The release of Doxorubicin from liposomes monitored by MRI and triggered by a combination of US stimuli led to a complete tumor regression in a breast cancer mouse model

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Abstract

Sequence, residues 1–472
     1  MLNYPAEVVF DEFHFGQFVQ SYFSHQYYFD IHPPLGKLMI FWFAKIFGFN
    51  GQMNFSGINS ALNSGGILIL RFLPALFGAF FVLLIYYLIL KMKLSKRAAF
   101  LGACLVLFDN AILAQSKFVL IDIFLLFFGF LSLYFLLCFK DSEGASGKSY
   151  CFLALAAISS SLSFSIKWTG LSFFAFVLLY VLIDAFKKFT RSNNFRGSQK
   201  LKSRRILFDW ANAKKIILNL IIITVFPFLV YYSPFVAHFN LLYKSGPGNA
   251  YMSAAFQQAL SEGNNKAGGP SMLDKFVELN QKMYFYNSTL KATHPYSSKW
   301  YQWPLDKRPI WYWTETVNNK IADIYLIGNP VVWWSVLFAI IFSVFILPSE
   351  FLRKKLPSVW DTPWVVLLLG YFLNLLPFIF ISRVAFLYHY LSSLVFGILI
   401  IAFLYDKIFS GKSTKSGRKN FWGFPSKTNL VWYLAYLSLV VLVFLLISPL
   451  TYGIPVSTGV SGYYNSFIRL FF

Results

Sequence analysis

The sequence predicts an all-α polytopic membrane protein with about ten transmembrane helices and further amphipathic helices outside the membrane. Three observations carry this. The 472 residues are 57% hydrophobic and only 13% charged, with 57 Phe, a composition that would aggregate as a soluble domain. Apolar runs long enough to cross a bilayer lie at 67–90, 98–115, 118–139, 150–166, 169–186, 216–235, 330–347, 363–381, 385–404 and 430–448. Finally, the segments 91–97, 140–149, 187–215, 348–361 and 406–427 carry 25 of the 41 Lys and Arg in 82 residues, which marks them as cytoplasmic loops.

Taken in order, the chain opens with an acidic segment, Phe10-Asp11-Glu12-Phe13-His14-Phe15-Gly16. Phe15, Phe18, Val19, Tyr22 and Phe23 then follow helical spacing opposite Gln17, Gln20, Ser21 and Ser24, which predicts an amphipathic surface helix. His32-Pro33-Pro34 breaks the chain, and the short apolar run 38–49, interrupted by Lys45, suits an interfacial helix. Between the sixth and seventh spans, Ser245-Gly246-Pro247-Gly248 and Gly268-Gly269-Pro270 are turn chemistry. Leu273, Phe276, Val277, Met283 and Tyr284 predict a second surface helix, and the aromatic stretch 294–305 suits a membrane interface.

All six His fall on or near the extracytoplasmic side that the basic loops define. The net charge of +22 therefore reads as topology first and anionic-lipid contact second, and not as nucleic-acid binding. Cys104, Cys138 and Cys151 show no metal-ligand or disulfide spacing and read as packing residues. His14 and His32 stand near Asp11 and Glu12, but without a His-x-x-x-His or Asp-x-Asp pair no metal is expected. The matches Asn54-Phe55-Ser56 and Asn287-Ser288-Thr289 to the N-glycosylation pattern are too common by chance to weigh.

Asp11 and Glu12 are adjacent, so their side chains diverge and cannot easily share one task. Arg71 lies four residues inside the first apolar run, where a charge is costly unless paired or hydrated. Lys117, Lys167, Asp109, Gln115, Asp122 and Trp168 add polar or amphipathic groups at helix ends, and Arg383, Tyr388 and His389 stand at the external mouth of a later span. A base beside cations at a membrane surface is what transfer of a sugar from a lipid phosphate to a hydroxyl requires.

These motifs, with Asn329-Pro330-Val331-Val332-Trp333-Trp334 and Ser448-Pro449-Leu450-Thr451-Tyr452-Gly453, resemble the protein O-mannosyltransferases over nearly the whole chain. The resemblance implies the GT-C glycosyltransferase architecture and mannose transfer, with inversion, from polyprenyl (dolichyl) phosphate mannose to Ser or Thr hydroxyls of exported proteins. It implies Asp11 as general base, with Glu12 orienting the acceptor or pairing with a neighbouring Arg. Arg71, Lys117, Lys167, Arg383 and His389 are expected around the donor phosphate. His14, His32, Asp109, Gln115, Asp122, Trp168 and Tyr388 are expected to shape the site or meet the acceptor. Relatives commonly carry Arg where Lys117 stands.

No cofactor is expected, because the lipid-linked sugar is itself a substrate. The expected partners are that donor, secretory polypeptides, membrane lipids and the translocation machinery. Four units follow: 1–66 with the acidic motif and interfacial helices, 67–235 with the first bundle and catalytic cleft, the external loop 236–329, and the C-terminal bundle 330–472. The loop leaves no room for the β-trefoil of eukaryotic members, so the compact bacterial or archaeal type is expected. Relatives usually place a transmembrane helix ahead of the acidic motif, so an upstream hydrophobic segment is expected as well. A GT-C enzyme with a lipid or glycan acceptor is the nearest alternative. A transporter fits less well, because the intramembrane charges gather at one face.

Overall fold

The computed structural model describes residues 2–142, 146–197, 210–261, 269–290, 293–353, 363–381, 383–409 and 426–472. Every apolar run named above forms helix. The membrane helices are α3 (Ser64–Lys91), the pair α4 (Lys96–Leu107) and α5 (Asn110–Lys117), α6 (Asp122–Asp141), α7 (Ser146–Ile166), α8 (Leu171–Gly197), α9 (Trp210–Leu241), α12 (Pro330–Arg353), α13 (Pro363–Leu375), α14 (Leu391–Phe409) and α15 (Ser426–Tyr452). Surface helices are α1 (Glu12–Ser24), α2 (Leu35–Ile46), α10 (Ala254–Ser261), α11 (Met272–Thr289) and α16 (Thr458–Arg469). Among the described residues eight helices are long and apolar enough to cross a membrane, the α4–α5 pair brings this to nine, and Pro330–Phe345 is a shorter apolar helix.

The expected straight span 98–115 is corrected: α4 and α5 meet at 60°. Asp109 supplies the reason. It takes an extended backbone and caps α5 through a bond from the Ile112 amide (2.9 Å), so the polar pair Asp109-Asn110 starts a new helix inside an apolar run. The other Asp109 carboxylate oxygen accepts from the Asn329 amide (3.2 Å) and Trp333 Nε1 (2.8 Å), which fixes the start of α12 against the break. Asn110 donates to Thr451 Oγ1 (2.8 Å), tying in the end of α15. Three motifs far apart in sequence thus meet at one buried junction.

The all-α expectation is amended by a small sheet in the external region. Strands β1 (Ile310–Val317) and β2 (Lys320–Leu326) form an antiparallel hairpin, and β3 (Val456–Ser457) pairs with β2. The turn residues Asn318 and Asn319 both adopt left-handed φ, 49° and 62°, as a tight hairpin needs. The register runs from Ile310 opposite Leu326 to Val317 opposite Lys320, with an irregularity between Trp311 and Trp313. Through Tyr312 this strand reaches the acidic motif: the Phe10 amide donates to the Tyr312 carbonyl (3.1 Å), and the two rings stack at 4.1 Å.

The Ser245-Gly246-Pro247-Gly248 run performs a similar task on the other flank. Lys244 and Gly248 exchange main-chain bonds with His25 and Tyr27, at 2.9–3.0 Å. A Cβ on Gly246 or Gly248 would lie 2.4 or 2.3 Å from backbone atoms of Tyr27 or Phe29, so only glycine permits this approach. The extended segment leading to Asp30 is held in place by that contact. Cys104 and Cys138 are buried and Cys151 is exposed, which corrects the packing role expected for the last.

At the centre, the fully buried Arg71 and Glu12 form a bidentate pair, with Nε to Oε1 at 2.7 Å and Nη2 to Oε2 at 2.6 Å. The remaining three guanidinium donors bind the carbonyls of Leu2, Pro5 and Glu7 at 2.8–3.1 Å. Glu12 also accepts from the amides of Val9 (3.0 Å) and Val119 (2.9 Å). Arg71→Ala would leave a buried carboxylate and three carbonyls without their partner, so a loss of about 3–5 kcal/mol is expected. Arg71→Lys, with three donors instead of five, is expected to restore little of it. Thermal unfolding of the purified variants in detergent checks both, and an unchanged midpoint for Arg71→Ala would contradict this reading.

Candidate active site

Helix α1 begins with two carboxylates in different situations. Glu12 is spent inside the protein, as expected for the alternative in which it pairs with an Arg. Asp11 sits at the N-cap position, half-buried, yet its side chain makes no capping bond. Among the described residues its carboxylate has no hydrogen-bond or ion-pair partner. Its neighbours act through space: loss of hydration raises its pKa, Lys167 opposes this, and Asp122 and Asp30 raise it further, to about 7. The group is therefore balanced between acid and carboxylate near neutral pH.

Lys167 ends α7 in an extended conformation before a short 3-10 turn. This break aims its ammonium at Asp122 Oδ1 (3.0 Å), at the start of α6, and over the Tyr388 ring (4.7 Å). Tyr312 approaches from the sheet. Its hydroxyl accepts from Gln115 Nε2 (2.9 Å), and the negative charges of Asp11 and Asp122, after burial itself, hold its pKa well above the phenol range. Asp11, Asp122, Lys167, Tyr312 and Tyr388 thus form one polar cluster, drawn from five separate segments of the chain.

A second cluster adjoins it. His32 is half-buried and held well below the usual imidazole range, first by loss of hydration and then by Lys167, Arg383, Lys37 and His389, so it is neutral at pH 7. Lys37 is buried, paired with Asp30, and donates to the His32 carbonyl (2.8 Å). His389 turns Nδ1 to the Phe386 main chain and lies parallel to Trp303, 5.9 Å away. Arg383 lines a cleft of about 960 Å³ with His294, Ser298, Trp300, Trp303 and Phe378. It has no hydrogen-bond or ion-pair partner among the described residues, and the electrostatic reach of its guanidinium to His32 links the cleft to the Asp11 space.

The work aimed at developing a novel MRI-based theranostic protocol for improving the anticancer efficacy of a Doxil-like liposomal formulation. The goal was achieved stimulating the intratumor release of the drug from the nanocarrier and favoring its diffusion in the lesion by the sequential application of low-intensity pulsed ultrasound. The protocol was tested on mice bearing a syngeneic breast cancer model. The combination of acoustic waves with different characteristics allowed for: i) the release of the drug and the co-encapsulated MRI agent (Gadoteridol) from the liposomes in the vessels of the tumor region, and ii) the extravasation of the released material, as well as intact liposomes, in the tumor stroma. The MR-T1 contrast enhancement measured in the tumor reported on the delivery and US-triggered release of Doxorubicin. The developed protocol resulted in a marked increase in the intratumor drug concentration that, in turn, led to the complete regression of the lesion. The protocol has a good clinical translatability because all the components of the theranostic agent (Doxorubicin, liposomes, Gadoteridol) are approved for human use.

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